LAS VEGAS – Pay attention to comorbidities in your psoriasis patients because there may not be anyone else doing so.
“Many of our patients don’t have primary care physicians; many are untreated for psoriasis. They come to a clinical trial to get treated – some of them may not have insurance – so it is important for us to watch for these comorbidities,” Kristina C. Duffin, MD, said at Skin Disease Education Foundation’s annual Las Vegas Dermatology Seminar.
Yet, that does not seem to be happening consistently, according to Dr. Duffin, of the department of dermatology at the University of Utah, Salt Lake City. One in five dermatologists admitted to never screening or referring their psoriasis patients for management of cardiovascular risks in a 2015 survey (J Am Acad Dermatol. 2015).
Often patients at the start of biologic therapy are counseled about the risk for developing tuberculosis, yet the lifetime risk for doing so in the United States is 0.3%. Similarly, patients are often counseled on the risk for developing lymphoma, even though the excess risk for developing lymphoma that can be attributed to psoriasis treatment is 7.9 per 100,000 psoriasis patients per year. That screening seems to be driven by warnings issued in direct-to-consumer advertising, Dr. Duffin suggested.
“Although psoriasis patients have an increased relative risk of lymphoma, the absolute risk attributable to psoriasis is low,” Dr. Duffin pointed out.
Some of the comorbidities she advised dermatologists to watch for are described below.
Psoriatic arthritis is the most important psoriasis comorbidity, Dr. Duffin said. Between 20% and 30% of psoriasis patients will develop psoriatic arthritis.
In a study of 1,511 patients in 48 centers in Germany, 21% of psoriasis patients were diagnosed with psoriatic arthritis and of those, more than 95% had active arthritis and 53% had five or more affected joints ().
Psoriasis patients are at increased risk of myocardial infarction, stroke, cardiovascular death, diabetes, and chronic kidney disease, Dr. Duffin said. In fact, CV risk from severe psoriasis is similar to the risk conferred by diabetes.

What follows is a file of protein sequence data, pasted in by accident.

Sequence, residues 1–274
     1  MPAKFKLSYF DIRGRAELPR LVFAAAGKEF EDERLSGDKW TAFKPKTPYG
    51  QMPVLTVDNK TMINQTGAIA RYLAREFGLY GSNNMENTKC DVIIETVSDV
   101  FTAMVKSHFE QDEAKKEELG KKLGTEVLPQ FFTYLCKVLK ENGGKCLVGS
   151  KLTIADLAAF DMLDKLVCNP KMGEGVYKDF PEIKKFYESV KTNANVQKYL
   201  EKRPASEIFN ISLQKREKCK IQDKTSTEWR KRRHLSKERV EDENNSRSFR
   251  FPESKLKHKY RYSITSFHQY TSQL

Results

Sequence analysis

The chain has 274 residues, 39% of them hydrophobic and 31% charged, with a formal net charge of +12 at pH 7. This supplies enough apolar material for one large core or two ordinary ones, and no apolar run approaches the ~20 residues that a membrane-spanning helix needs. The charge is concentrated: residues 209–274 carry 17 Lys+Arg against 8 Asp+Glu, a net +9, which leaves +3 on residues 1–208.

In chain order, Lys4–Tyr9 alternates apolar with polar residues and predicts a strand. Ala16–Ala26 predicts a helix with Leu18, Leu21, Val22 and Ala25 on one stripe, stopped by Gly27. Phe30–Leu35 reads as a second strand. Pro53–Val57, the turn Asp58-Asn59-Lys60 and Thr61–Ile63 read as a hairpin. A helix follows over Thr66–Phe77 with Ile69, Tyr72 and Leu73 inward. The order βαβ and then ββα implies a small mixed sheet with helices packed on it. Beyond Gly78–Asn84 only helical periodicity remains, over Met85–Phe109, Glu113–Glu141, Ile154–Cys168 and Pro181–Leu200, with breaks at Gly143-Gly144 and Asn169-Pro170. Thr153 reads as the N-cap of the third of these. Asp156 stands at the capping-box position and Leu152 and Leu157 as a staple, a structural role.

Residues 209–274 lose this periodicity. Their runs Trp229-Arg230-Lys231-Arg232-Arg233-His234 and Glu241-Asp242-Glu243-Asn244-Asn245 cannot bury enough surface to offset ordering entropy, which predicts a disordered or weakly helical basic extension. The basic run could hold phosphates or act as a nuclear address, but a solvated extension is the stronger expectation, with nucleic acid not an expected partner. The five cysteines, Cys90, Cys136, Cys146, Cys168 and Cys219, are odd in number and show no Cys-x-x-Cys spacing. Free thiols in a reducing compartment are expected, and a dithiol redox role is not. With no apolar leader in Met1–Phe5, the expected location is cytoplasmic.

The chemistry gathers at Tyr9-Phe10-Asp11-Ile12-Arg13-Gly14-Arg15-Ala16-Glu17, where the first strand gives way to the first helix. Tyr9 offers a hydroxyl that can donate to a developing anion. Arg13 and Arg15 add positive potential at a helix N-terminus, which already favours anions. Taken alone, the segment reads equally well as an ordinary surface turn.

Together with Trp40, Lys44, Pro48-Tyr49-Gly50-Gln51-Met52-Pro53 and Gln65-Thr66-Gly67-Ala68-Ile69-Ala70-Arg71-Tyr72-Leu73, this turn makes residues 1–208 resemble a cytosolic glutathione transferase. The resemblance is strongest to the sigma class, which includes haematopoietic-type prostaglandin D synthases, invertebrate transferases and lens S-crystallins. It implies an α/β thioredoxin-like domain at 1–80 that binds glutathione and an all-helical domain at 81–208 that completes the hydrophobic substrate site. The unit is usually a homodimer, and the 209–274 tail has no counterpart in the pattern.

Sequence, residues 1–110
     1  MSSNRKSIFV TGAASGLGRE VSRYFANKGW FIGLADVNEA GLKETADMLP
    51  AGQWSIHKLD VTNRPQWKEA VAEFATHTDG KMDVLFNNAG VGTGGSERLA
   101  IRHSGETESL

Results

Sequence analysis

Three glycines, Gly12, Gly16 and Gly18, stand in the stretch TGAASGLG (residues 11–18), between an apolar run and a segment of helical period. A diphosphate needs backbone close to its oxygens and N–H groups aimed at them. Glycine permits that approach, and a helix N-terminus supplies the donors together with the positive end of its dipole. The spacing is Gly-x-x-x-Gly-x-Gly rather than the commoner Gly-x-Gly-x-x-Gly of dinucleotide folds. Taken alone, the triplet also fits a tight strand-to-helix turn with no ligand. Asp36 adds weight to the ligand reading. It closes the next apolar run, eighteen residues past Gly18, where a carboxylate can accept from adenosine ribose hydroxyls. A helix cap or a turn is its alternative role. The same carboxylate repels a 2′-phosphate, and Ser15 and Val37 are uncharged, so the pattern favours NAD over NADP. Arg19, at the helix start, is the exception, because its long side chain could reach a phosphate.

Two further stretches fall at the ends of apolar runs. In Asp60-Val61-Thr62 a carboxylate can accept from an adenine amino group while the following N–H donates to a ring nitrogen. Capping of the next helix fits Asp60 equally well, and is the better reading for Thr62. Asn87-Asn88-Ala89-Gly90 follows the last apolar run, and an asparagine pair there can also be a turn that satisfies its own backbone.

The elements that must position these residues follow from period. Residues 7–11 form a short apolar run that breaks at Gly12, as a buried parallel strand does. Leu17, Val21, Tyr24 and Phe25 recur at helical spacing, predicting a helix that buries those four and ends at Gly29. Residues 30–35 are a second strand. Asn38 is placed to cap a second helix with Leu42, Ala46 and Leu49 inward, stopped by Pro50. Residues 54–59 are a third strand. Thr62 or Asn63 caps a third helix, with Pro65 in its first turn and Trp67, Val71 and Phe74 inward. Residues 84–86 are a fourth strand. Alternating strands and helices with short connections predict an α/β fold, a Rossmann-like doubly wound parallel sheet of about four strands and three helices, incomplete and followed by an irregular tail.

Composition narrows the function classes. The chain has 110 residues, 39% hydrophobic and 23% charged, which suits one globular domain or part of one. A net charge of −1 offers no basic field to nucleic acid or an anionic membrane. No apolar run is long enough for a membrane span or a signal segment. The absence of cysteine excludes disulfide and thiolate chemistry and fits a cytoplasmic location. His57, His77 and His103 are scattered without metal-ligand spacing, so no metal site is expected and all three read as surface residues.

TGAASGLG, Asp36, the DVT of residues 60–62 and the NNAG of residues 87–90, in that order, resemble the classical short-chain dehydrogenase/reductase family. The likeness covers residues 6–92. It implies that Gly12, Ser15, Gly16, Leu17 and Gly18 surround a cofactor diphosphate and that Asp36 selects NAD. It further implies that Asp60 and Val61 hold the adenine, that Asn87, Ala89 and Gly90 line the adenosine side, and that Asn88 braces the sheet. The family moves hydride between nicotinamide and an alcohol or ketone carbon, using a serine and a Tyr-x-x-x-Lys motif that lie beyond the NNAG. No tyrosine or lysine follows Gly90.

She added that there is epidemiologic evidence for CV risk modification with several of the biologics approved for psoriasis.
Hypertension is prevalent and more severe in psoriasis patients, Dr. Duffin said, citing a 2011 case-control study of electronic medical records at the University of California, Davis. Psoriasis patients with hypertension were 5 times more likely than patients without psoriasis to be on one antihypertensive medication, 9.5 times more likely to be on two, and almost 20 times more likely to be on four antihypertensive medications (PLoS One. 2011 Mar 29;6:e18227.).
Importantly, few primary care physicians and cardiologists are aware of the increased risk for hypertension in psoriasis patients.
Less than half (45%) of primary care physicians and 57% of cardiologists reported they were aware that psoriasis was associated with worse cardiovascular outcome, and only 43% of physicians reported screening psoriasis patients for hypertension starting at age 20 years, according to a 2012 survey of 251 physicians (.
Dr. Duffin called on dermatologists to ensure that the primary care physicians they work with understand these increased risks.
“Commit to including a comment in consultation letters or letters back to primary care physicians that talks about the cardiovascular risks of the disease,” she said.
Dr. Duffin reported that she is a consultant and has received grant or contracted research support for many companies that manufacture dermatologic therapies.
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